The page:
The opposition leader has refused to commit the NLD to taking part in the elections with certainty, and the recent outcomes of the constitutional vote may give her further pause. Some of Suu Kyi’s most ardent supporters within and outside the NLD have criticized her for having trusted the current government more than she should have.

The NLD’s participation in the 2012 by-elections gave the government an important boost in international legitimacy, since the previous 2010 national elections, which ushered in the Thein Sein government, were regarded as widely fraudulent. While the NLD has been actively involved in the election planning process, some voices have emerged that called on Suu Kyi to boycott the elections.

Her decision will be of paramount importance to the thinking of US policymakers about Myanmar. Washington recognizes that the outcome of the 2015 elections will be a make-or-break moment for the reform process and will likely base much of its policy toward Myanmar accordingly. US officials are prepared for a less-than-perfect outcome, but the potential of an election boycott would rob the elections of any chance of being seen as credible or inclusive.

For Myanmar’s fledgling democracy, uncertainty ahead of a milestone political event is likely to breed further tension or conflict. It is in the US interest to coordinate with Aung San Suu Kyi, whom many U.S. leaders and lawmakers have long supported, so that the NLD sends a clear and irreversible message about its attitude toward the elections.

The failure of the parliament to pass these major amendments has also had the effect of sidelining Shwe Mann within Myanmar’s traditional military elite. At the onset of the reform process, the military calculated that the USDP could serve as another vehicle for its influence in parliament, in addition to the military-appointed bloc of lawmakers. Shwe Mann’s attempts to push through changes that would have reduced the military’s authority have alarmed the military leadership, which may eventually become convinced that it needs to act more firmly to protect its autonomy within Myanmar’s new political system.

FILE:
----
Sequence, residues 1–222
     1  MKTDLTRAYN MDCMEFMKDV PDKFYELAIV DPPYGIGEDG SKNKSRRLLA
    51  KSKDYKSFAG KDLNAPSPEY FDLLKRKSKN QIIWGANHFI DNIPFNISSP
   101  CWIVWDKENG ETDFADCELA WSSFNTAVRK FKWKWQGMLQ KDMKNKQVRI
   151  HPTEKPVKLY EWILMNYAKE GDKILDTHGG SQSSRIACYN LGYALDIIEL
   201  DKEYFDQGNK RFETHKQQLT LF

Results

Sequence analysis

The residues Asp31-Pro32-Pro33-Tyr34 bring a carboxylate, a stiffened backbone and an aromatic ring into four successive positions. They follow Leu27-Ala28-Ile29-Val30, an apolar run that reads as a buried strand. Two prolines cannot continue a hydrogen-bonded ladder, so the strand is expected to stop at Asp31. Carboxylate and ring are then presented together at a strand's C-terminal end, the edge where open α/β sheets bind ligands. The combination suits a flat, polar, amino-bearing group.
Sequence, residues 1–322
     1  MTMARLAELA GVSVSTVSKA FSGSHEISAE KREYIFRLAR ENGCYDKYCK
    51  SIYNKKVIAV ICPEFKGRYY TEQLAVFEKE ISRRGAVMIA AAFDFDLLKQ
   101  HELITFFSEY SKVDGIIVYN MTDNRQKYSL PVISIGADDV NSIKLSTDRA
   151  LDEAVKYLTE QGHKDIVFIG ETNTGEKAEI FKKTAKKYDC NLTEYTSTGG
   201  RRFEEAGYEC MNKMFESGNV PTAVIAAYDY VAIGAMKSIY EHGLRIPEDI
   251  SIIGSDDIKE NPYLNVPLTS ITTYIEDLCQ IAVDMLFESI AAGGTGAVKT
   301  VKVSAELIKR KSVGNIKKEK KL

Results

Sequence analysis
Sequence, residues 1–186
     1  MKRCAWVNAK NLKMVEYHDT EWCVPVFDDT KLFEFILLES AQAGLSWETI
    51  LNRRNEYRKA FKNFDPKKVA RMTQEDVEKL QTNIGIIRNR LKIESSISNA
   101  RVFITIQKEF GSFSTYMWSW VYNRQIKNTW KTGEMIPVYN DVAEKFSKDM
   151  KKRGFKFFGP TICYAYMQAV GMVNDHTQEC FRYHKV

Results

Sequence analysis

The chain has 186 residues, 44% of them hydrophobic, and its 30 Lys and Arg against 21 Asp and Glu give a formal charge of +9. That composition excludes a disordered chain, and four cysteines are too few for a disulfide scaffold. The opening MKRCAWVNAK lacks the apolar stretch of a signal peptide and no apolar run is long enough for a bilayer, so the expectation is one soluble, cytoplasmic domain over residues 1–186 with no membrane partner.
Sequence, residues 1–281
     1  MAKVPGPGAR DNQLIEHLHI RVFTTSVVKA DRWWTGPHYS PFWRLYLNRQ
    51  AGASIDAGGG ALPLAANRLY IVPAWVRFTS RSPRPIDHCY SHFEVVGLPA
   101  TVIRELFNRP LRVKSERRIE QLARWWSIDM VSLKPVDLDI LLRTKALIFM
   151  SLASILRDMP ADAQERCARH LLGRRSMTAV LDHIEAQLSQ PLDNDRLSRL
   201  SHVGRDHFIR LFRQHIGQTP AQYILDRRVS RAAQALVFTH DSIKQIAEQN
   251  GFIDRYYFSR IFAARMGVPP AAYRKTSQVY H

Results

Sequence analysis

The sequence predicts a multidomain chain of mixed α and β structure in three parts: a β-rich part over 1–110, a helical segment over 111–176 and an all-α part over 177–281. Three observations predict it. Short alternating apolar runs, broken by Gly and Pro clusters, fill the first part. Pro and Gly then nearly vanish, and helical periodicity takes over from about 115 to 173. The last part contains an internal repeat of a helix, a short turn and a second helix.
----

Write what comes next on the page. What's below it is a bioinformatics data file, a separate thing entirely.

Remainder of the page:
Among the country’s top political leaders, Shwe Mann is believed to have the best working relationship with Aung San Suu Kyi. For some time, it was believed that she was open to forming a coalition with a future government in which Shwe Mann would serve as president, in the event that the constitution could not be changed.

It now remains to be seen whether the USDP and the military will collectively support Shwe Mann’s bid to become president. After much speculation, Thein Sein announced during his recent visit to Japan that he will consider a second term, and his supporters within the USDP and ethnic groups would like him to stay on. These shifting dynamics may leave Aung San Suu Kyi more vulnerable after the elections.

While US officials have often said that amending the constitution is a sovereign matter for the people of Myanmar to decide, the recent results of the constitutional votes have further complicated Washington’s outlook toward Myanmar. Already a number of US lawmakers have said that the elections cannot be free, fair, or credible under the current constitution. That view seems to have been reinforced now that Suu Kyi’s chance to be the next president has been blocked for the foreseeable future.

If the military overplays its hand following the elections and during the process of choosing the country’s next leadership team, it could harden the view among some in Washington, particularly in Congress, that the United States may need to reassess its engagement policy toward Myanmar.

This was written by Phuong Nguyen (@PNguyen_DC), a Research Associate, Sumitro Chair for Southeast Asia Studies (@SoutheastAsiaDC), for the Center for Strategic and International Studies